The present study addresses a methodology for solving the diffusion equation of the phase field model and gradient-enhanced non-local damage model, in the context of an existing commercial software. It takes the advantage of built-in heat equation solver in an existing software code, Abaqus/Standard in the present case, bypassing the need to establish explicitly the weak form of the governing equations containing the momentum balance and the diffusion equation to solve separately for displacement and non-local or phase field variables. In fact, this procedure could be used with other commercial softwares with similar capabilities. This work is organized as follows: “Formulation” section builds the relation between the heat conduction problem and diffusion equation of gradient problems, and explains the gradient non-local model based on Lemaitre phenomenological ductile damage model and the phase field model. Numerical implementation and results of some illustrative examples are presented in “Results and discussion” section, and finally conclusions are drawn in “Concluding remarks” section and a shortened version of routine to implement the non-local gradient damage model is provided.


In both gradient damage and phase field models, the mechanical equilibrium is performed for the coupling between displacements \({\varvec{u}}\) and a field variable \(\psi \). In a body \(\Omega \), the strong form of the boundary value problem can be written, in general, as
$$\begin{aligned} \bigg \{\begin{array}{l} \hbox {div} {\varvec{\sigma }} +{\varvec{b}}={\varvec{0}} \\ \nabla \left( {\varGamma \left( {\varvec{a}} \right) \nabla \psi } \right) =h_s \\ \end{array} \quad {\text {in}} \ \Omega \end{aligned}$$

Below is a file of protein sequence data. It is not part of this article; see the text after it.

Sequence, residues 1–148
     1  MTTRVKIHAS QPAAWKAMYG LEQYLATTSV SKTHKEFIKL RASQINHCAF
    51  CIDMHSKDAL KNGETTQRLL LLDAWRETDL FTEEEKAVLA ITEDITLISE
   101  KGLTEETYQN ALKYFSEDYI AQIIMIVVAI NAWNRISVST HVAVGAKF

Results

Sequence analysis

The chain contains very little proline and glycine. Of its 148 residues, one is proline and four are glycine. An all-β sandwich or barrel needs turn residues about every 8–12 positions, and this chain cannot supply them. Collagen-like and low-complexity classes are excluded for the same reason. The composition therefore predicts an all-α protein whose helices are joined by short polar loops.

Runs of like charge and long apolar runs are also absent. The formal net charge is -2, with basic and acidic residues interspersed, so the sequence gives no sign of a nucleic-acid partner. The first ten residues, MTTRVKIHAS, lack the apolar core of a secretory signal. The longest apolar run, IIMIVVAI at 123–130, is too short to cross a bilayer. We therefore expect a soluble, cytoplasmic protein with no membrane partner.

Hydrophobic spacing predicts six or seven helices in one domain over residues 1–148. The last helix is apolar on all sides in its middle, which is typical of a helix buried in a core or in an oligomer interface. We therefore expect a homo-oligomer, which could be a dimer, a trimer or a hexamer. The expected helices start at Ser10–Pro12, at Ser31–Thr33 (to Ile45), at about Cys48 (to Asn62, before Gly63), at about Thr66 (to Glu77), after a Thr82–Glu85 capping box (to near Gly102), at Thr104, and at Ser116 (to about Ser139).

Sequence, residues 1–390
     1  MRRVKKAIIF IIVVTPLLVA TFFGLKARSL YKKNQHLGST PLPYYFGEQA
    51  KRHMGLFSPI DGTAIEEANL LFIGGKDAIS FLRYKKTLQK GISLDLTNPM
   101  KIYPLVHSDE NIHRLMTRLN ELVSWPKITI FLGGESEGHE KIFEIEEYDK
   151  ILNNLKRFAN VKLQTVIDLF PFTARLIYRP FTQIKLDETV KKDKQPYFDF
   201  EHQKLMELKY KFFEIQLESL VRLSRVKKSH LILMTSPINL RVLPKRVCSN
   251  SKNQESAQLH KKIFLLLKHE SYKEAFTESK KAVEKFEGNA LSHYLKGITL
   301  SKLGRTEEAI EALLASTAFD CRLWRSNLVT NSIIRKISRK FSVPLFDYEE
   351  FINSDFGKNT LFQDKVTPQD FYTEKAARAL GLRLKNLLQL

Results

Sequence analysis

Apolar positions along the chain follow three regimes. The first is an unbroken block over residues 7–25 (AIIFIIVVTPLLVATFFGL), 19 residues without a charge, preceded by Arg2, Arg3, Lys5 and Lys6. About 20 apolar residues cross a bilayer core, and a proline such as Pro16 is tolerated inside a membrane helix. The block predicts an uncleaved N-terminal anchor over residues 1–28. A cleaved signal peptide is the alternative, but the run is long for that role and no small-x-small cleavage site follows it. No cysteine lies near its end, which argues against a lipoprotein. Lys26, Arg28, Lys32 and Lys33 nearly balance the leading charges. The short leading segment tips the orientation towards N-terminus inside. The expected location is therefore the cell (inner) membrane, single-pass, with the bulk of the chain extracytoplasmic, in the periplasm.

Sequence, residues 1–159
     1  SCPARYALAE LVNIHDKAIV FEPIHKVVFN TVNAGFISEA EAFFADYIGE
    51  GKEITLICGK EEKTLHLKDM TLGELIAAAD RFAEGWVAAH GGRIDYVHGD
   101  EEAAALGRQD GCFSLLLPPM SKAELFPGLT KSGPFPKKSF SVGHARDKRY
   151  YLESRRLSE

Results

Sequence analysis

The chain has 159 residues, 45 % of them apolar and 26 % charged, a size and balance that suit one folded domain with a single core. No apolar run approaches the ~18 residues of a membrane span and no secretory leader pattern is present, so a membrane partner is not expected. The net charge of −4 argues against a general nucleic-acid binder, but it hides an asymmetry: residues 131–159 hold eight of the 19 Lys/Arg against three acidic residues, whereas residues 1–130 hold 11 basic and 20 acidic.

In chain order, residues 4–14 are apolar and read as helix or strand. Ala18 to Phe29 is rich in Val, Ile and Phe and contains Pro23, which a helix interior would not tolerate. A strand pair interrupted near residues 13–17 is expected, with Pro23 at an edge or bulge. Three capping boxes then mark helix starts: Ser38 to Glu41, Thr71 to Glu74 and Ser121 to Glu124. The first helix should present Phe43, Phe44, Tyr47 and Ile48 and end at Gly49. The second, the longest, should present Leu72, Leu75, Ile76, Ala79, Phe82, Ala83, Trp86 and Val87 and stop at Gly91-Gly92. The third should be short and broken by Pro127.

where \({\varvec{\sigma }} \) is the stress tensor and \({\varvec{b}}\) is the body force per unit of volume, with the following boundary conditions:
$$\begin{aligned} \Bigg \{\begin{array}{lll} {{\varvec{\sigma }} .{\varvec{n}}={\varvec{t}}_n }&{} \quad {\text {on}} &{}\partial \Omega _t \\ {{\varvec{u}}={\varvec{u}}_d }&{} \quad {\text {on}} &{}\partial \Omega _u \\ {\nabla \psi .{\varvec{n}}=0}&{} \quad {\text {on}} &{}\partial \Omega \\ \end{array} \end{aligned}$$
being \(\partial \Omega =\partial \Omega _u \cup \partial \Omega _t \) the body surface boundary, \({\varvec{n}}\) outward unit normal vector to the boundary surface at \(\partial \Omega _t \), \({\varvec{t}}_n \) the traction force, \({\varvec{u}}_d \) prescribed displacements at the boundary surface \(\partial \Omega _u \) and \({\varvec{a}}\) a set of possible material and numerical parameters. Second part of Eq. (1) depends on a “diffusion” coefficient \(\varGamma \left( {\varvec{a}} \right) \), on the “flux”, or gradient, term \(\nabla \psi \), and on a “source” term \(h_s \left( {{\varvec{u}},\psi ,{\varvec{a}}} \right) \), and is similar to steady-state heat conduction equation in solids. The identification of the different parameters of the two models with those in the heat conduction equation can be found in Table 1 and will be clarified in the following sections. The fact that almost always this equation is implemented in common commercial software packages in the computational mechanics field hints that it may be used in establishing gradient and phase field models within these frameworks, taking advantage of the software built-in implementations. In Table 1, the parameters \(l_n \) and \(l_d \) are respectively length parameters associated to the gradient damage and phase field approaches, commonly denoted as the characteristic length scale of the material and are mostly considered as numerical parameters. Since its meaning with the microstructure is inherently complex, its precise determination usually relies on inverse methods [44].
Table 1

Diffusion equation forms for coupled temperature displacement, gradient-damage, and phase-field models


Field variable